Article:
Stuff happens, but sometimes it’s handy to have a calendar.
On the morning of Saturday, March 26, MP David McGuinty (Ottawa South) was being interviewed prior to Prime Minister Stephen Harper’s (MP, Calgary Southwest) meeting with Governor General David Johnston. The government had been defeated in the House of Commons the afternoon before and one of the TV networks I was flipping between was filling some time waiting for the announcement from the steps of Rideau Hall (the Governor General’s residence). Cut to Mr. McGuinty on the steps of Parliament Hill as he realizes, and states to the camera, that this might not be the best time for an election because you can’t put lawn signs up in the frozen ground.
The leaders of the opposition parties – members of their parties or staff – might have consulted a calendar, examined Wiarton Willie’s prediction, Canadian weather patterns, etc. and come to this realization much sooner. One can reasonably anticipate a thaw in the most populous portions of Canada by May 2, but another week would have made a substantial difference.
About an hour after Mr. McGuinty’s comments, the Prime Minister emerged from his meeting with the Governor General and announced that the nation was headed into a federal election to be held on Monday, May 2.
Hmm, checking the Canada Elections Act reveals section 171 which notes in sub-section 2:
An advance poll shall only be open between the hours of noon and 8:00 p.m. on Friday, Saturday and Monday, the 10th, 9th, and 7th days, respectively, before polling day.
I’m not casting blame on anyone. All the party leaders had a pretty good idea of the date for Election Day before the fateful vote was cast in the House of Commons on March 25. But, the advance polling days include Good Friday and Easter Monday. Thankfully, they do not include Easter Sunday.
Easter Monday doesn’t bother me too much, although it will trouble some, but the idea of having election polling on Good Friday, one of the holiest and most significant celebrations on the Christian calendar, really … what’s the word … irks me.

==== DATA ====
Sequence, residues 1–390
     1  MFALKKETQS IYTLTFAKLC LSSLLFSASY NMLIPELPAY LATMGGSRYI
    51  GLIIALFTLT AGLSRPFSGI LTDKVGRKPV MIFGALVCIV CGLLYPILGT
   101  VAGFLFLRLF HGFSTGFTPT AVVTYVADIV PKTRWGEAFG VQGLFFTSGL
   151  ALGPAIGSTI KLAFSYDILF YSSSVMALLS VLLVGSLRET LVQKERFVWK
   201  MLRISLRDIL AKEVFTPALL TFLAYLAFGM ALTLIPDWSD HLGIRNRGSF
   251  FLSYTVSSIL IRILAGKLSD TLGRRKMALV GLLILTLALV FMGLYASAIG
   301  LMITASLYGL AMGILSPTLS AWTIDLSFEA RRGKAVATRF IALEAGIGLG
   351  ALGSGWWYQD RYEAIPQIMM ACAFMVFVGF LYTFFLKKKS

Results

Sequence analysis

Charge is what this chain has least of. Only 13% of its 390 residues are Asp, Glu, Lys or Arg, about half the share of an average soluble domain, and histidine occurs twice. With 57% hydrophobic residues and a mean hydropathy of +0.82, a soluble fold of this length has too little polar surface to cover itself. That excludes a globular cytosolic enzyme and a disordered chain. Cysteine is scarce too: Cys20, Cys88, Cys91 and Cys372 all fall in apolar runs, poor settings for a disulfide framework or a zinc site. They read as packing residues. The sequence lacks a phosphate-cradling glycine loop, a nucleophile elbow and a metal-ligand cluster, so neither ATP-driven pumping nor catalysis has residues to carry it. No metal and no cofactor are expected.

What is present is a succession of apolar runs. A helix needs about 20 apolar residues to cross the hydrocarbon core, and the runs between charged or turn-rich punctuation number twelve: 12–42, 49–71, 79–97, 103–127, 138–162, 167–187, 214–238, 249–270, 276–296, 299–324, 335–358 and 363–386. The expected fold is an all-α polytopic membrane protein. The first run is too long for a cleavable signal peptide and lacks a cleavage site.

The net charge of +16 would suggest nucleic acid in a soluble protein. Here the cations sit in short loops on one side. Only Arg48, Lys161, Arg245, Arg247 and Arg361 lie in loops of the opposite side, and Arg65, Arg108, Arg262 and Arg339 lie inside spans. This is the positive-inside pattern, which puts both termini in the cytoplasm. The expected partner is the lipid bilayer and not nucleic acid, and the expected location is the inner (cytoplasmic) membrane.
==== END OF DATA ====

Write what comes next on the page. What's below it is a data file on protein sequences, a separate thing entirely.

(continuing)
I know Easter is late this year, but again, consulting a calendar – just the basic wall, wallet or desk calendar that lists American and Canadian holidays – would have suggested that waiting a week would have avoided this situation.
Religious celebrations are significant to those who celebrate them. Holy days are not holi-days but days of reverence that are deserving of respect, including by politicians. The respect due is not because there is an expectation that the politicians will observe the religious celebration but because they are important days set aside for special observance by Canadians – the people who elect our politicians.
I know the advance polls fall on regular days of religious observance for different faith communities by virtue of landing on a Friday or Saturday in any event. Advance polling stations are, by law, permitted to be combined in one location so that frequently the number of advance polling locations is 20% or less of the number of Election Day polling stations.
I also know that the last two sessions of Parliament have seen introduction of legislation that would have added two Sundays to the advance polls: Sunday, the 8th day before Election Day, as a noon to 8 p.m. poll like its surrounding days in only a handful of locations in each riding; and, Sunday, the 1st day immediately preceding Election Day, as a full blown, every poll open voting day. Again, consulting a calendar – and considering Canadians (i.e. voters) worship activities – might be of benefit.
The 8th day polling could be perceived as similar treatment to other faith communities. That might be considered as fair. But the 1st day would be well treated with a little more respect – reverence, we might say – in recognition of it not being Election Day or just another day but the day on which the vast majority of Canadians engage in worship services. The proposal would treat the 1st day before Election Day in a manner different from the experience of any other faith community, and that would be more than irksome. In fact, lack of consultation with a calendar might be forgiven in regard to frozen earth and a failure to count the days backwards from Election Day, but an amendment to the Canada Elections Act? That would be intentional.
Stuff happens. Regrettably, this year it results in voting on Good Friday. Sometimes, in addition to consulting a calendar, it’s handy to consider the electorate. I’m glad we’re not voting on Sunday.